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Georgia's 'no permit needed' gun bill gets first hearing

"Constitutional carry" gets election year push under the Gold Dome.

ATLANTA — Georgia might eliminate the need for a permit to conceal and carry a gun. The Senate Committee on Judiciary has already recommended that the bill pass.

The idea got its first response at a hearing at the Capitol on Tuesday as lawmakers discussed proposed legislation that focuses on what gun enthusiasts call constitutional carry. The election-year bill would make it easier to carry a concealed weapon in Georgia.

"There are worries this would put new guns and weapons on the street," Sen. Jason Anavitarte, a Republican lawmaker who represents Paulding, Polk and Haralson counties said. "That’s patently false."

However, other lawmakers continued to express concern as the bill was read during committee.

"So there's no barrier to carry under this law," Sen. Harold Jones, the Democratic Whip said.

Jones, who represents parts of Richmond County, questioned what doing away with a concealed weapon permit would do.

For now, those who want a permit must apply through their county's probate court. People must fill out an application, submit to a background check and pay a fee of about $70. The bill would eliminate much of that process.

However, it would still be illegal for convicted felons to carry weapons as well as anybody adjudicated to have a mental illness.

"By going to permit-less carry I don’t see any difference," Rep. Alan Powell, a Republican who represents Franklin County, Hart County and a portion of Madison County said.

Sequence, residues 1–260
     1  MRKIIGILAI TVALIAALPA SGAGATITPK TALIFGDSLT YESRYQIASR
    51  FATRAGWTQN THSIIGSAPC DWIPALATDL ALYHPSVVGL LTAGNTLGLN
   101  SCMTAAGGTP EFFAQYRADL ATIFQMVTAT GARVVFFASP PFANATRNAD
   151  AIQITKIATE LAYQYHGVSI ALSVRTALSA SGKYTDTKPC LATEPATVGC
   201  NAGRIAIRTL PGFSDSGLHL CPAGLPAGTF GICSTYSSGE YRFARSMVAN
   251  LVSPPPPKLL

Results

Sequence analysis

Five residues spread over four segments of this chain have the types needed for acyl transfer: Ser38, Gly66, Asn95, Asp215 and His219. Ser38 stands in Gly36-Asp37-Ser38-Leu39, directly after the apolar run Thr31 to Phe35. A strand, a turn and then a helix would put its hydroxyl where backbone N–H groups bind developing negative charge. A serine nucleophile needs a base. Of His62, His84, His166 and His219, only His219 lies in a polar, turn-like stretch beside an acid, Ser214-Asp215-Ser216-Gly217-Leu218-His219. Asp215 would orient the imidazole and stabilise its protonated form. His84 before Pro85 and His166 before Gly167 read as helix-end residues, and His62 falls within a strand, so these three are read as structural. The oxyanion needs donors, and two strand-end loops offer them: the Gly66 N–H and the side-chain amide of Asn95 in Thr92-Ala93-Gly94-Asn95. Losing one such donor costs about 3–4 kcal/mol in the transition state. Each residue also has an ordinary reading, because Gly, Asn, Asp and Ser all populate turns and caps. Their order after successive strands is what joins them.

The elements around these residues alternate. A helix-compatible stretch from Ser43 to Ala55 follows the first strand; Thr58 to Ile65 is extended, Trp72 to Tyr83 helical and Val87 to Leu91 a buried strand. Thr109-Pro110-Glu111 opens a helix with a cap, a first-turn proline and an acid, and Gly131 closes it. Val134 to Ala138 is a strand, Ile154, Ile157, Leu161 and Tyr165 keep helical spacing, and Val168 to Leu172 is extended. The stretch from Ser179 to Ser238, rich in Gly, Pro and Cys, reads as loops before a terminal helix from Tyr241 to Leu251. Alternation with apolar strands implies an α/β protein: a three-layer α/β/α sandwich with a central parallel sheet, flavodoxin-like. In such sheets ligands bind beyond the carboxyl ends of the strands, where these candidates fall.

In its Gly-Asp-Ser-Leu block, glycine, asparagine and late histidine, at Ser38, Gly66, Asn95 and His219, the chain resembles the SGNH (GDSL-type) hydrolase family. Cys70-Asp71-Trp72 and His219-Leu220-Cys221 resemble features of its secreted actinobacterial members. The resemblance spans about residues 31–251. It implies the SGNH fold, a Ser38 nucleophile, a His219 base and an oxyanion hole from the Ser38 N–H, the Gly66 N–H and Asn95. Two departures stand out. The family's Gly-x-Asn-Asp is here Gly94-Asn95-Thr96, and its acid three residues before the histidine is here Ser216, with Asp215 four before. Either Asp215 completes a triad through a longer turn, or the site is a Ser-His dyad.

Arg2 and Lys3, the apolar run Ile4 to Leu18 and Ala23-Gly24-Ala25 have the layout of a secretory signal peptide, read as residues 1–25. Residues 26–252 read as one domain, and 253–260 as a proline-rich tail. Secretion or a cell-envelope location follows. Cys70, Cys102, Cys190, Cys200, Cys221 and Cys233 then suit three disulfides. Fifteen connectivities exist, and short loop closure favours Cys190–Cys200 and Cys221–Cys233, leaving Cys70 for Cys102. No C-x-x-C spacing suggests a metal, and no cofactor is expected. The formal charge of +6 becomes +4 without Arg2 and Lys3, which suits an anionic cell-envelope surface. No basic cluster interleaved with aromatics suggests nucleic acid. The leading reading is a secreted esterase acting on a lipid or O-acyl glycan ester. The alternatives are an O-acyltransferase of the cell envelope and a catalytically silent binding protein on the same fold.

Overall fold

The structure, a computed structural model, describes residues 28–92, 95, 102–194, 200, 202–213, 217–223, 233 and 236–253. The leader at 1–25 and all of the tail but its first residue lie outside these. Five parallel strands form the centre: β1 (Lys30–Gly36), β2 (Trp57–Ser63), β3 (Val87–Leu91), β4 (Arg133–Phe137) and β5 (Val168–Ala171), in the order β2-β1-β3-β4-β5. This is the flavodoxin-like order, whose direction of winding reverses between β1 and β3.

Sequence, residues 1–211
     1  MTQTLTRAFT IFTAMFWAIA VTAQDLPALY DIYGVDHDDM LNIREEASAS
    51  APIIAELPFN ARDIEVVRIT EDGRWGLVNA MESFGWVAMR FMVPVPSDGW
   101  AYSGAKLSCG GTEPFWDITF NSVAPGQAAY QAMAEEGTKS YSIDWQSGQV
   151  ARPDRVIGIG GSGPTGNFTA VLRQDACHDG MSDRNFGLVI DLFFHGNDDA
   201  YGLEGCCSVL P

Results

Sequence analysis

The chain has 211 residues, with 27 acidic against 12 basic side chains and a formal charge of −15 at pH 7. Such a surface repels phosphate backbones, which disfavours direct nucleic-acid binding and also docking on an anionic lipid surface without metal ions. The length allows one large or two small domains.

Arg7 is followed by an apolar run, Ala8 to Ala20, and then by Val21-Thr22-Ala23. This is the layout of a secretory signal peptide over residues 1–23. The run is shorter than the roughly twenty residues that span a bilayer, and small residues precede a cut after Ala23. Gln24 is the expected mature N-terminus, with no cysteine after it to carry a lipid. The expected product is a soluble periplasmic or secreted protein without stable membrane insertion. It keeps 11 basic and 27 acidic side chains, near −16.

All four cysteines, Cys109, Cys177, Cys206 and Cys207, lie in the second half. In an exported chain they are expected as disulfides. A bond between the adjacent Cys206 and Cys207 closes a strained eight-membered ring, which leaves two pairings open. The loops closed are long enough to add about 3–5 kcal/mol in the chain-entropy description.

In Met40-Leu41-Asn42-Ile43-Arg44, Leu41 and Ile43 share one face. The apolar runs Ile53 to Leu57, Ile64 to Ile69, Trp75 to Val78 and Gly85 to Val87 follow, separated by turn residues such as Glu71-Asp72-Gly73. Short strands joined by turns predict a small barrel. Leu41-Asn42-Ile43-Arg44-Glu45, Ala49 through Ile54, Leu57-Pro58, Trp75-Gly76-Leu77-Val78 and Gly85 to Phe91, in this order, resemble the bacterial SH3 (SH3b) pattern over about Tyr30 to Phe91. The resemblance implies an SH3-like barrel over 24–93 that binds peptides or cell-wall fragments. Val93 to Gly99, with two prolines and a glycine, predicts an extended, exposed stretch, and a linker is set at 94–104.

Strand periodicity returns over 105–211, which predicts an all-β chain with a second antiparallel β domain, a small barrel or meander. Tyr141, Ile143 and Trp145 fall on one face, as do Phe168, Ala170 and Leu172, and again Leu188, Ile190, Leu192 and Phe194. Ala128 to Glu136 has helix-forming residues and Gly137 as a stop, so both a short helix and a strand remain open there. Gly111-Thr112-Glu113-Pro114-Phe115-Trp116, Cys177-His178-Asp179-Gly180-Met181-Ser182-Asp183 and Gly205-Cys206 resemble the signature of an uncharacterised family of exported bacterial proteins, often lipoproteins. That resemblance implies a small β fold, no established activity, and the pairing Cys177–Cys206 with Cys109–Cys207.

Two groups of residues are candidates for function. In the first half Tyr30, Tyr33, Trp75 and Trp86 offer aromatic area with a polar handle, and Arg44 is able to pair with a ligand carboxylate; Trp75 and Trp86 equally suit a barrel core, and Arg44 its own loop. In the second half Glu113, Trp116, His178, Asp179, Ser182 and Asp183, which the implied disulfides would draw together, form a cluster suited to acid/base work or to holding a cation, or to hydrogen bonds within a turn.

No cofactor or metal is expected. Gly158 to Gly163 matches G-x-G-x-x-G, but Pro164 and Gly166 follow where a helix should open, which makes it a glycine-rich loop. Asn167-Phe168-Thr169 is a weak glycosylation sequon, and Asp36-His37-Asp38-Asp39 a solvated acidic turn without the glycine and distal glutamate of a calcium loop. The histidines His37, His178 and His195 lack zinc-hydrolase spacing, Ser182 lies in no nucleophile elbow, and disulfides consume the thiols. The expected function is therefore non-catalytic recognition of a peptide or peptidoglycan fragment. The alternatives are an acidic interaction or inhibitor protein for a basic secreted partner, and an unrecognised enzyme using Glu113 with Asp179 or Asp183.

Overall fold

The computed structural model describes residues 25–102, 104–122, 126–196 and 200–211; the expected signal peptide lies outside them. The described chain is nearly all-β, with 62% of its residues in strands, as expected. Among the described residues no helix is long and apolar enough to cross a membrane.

According to CNN, 20 states have permit-less gun carry laws, five of them were enacted just last year.

Backers like Powell said the law would still restrict who can carry a concealed weapon.

"You can still carry today, a long gun," Powell said. "You can carry that weapon anywhere you want to, so what’s the difference in a long gun or a short gun?"

Despite points made during committee, critics said the bill would end an important check on who can carry.

"Arizona did it in 2010, aggravated assaults went up," said Sen. Elena Parent, a Democrat who represents portions of central and north DeKalb County.

On Tuesday, the committee heard the Senate’s version of the constitutional carry bill where 31 of the 56 senators – all of them Republicans, co-sponsored the bill. That math showed a good chance of passing the Senate and one step closer to becoming law.

At 6:15 p.m. Tuesday, the Georgia Senate Press Office announced that the Senate Committee now recommends the bill pass.


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